Chua Jin Sen is best known for his YouTube videos as “Dr Jia Jia”. PHOTO: The New Paper
Singapore YouTube personality Dr Jia Jia has landed himself a supporting role in an upcoming Chinese movie based on a hit animated television series, Xi Yang Yang Yu Hui Tai Lang (Happy Sheep And Big Grey Wolf).
The seven-year-old, whose real name is Chua Jin Sen, will play Xiao Hui Hui, the clever son of the main character in the movie called I Love Wolffy, which revolves around a wolf who is tasked to find a gemstone in order to retain his position in a wolf clan.
The movie is a mixture of live action and animation – the animated wolf characters are transported to the real world where they take human form.
It is a collaboration between children’s content producer Mr Cartoon Pictures from China and local motion picture production and distribution company 9 Harbors International.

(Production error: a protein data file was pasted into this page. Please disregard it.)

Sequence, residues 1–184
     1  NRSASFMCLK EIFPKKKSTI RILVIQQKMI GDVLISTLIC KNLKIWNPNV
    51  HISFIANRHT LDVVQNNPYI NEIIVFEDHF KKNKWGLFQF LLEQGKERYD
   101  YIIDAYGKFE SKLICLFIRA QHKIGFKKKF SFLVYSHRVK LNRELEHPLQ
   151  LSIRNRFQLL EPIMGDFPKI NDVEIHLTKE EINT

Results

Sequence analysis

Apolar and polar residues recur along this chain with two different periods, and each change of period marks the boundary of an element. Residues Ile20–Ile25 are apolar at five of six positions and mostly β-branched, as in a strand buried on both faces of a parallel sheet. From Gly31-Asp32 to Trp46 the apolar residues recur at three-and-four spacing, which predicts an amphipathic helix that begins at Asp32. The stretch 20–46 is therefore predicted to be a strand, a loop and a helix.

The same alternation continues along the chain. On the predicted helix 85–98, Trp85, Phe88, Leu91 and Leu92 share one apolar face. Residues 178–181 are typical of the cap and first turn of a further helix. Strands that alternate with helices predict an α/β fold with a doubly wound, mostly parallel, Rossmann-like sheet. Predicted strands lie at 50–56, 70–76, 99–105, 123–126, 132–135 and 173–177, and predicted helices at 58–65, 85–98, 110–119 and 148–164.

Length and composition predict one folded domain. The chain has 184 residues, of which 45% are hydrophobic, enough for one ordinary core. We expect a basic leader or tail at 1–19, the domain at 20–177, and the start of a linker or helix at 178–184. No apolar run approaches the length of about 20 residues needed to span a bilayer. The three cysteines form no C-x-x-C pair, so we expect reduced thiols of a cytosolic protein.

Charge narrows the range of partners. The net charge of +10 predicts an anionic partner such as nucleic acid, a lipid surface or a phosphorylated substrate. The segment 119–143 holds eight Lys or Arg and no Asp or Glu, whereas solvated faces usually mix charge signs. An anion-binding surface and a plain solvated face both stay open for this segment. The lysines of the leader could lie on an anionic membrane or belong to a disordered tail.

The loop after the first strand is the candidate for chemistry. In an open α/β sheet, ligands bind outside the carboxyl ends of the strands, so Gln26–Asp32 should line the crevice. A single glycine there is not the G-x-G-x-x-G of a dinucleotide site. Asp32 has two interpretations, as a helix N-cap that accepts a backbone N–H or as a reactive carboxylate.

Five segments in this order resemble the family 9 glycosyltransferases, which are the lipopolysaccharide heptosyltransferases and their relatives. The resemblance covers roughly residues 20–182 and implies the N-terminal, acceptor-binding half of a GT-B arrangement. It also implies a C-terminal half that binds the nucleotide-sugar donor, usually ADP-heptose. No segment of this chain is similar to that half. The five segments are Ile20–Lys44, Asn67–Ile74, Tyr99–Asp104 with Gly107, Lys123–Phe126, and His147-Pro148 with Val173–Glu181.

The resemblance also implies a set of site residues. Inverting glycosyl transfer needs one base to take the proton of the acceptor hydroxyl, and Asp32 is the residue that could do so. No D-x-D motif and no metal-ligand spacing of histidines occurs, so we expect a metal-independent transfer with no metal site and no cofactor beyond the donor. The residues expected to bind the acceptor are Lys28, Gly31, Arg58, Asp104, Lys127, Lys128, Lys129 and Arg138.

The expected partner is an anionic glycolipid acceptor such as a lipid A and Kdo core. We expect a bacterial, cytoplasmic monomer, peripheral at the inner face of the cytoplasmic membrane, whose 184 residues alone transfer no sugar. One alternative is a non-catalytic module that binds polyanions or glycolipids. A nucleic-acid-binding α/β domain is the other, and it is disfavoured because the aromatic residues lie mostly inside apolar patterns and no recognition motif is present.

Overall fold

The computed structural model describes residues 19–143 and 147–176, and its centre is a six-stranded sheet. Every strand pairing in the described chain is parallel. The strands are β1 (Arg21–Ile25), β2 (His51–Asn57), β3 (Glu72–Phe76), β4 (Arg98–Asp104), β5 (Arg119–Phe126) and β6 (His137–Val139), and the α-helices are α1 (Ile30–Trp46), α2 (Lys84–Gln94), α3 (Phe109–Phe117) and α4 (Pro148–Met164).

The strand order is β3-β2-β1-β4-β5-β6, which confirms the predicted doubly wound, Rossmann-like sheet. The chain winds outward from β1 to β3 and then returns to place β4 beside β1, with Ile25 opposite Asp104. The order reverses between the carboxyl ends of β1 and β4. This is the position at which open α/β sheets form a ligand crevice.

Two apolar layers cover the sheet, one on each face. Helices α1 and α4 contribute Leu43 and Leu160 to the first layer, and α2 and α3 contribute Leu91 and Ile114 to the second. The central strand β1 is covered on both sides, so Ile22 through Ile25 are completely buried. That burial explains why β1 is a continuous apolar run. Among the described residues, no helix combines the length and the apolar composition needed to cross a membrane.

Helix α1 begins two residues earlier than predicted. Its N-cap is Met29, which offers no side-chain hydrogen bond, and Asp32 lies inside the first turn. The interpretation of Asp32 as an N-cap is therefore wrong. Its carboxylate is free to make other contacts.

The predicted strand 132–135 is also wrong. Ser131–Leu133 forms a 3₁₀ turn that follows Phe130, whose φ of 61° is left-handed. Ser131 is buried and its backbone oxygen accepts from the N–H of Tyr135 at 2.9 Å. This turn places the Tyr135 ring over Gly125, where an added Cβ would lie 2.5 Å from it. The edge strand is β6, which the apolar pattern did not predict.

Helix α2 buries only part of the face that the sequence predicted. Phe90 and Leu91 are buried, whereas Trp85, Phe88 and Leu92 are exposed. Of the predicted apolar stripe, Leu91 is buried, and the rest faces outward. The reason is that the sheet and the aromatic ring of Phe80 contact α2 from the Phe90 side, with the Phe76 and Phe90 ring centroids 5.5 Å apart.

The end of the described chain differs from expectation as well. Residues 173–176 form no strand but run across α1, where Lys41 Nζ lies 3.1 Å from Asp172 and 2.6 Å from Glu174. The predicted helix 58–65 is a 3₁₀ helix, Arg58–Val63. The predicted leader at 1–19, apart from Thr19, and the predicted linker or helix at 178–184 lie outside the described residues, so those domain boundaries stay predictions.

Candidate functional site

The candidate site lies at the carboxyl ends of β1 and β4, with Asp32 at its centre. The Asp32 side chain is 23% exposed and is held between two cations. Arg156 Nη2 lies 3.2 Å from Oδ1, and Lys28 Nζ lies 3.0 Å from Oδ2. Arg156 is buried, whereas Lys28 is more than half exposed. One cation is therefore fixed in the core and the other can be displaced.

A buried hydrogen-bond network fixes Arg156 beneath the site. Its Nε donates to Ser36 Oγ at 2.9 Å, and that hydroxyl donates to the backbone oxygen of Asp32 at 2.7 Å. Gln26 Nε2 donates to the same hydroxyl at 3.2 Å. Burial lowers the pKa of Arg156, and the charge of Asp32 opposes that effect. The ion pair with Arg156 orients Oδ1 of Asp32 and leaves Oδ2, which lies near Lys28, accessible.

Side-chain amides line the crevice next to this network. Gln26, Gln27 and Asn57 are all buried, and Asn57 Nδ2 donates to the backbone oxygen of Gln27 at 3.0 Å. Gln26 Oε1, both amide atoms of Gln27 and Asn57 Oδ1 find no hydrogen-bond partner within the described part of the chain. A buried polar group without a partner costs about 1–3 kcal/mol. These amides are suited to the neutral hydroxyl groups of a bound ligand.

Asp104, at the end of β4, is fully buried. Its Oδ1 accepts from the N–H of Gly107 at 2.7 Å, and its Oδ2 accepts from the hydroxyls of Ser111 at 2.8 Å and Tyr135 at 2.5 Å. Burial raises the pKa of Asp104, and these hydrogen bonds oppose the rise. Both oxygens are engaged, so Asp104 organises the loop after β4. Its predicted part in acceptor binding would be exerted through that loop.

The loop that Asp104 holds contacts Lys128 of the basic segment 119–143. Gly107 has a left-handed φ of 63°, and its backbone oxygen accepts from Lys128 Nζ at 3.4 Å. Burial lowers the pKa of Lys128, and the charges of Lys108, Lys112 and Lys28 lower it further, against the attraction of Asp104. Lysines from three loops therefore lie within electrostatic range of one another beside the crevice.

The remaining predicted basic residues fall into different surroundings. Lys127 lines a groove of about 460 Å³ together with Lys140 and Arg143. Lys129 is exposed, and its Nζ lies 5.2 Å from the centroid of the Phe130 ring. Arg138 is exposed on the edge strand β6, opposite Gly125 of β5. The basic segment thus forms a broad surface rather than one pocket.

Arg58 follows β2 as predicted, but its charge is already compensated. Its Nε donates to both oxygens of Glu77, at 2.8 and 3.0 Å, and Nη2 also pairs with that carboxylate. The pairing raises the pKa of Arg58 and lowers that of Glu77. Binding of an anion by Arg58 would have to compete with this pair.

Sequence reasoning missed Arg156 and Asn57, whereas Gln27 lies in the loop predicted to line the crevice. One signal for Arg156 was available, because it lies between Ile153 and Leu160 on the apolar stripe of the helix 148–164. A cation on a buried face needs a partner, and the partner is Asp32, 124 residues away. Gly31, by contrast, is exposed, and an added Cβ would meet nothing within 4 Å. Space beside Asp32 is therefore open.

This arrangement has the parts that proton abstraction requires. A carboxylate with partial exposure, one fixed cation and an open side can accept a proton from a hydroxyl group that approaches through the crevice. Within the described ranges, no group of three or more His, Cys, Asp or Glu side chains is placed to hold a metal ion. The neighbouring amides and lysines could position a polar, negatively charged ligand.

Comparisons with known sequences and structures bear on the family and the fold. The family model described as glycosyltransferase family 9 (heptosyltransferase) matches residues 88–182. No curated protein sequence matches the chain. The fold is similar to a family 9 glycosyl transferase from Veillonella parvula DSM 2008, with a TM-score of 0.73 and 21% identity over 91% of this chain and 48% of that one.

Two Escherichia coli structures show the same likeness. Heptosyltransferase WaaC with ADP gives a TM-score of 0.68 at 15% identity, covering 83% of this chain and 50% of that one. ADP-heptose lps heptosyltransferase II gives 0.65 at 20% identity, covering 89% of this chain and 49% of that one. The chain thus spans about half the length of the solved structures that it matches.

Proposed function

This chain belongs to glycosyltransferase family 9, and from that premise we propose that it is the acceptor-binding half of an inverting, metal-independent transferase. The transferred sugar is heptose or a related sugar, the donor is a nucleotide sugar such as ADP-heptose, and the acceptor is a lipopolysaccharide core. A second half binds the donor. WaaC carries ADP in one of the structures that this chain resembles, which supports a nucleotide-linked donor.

They initially had no intention of casting a Singaporean. But the film’s producer Raymond Tan, 39, felt that a local should be cast in the movie as it is being filmed here. They were looking for a child actor and Mr Tan immediately thought of Jin Sen, a Primary 2 pupil at Maha Bodhi School.
Mr Tan says: “His appearance is very likeable. Although they did not get all the Singlish jokes in the Dr Jia Jia videos, they liked his facial expressions – he is very natural.”
This will be Jin Sen’s second movie project after the local film Taxi! Taxi! (2013), in which he starred as the son of a taxi driver played by Mark Lee.
His mother, housewife Caren Chua, 44, says: “We noticed from the first film that he has a lot of interest in acting. There will be a lot that he can learn from shooting a movie that he cannot learn in a classroom.”
She does not know how heavy the filming schedule is yet.
Filming will start here on Monday. It is expected to last for one month and will take place at local attractions such as Sentosa and Science Centre Singapore.
This will be the second live action movie based on Xi Yang Yang Yu Hui Tai Lang. The television series has been running for about eight years.
This article was originally published on April 24, 2013 at The Straits Times.com.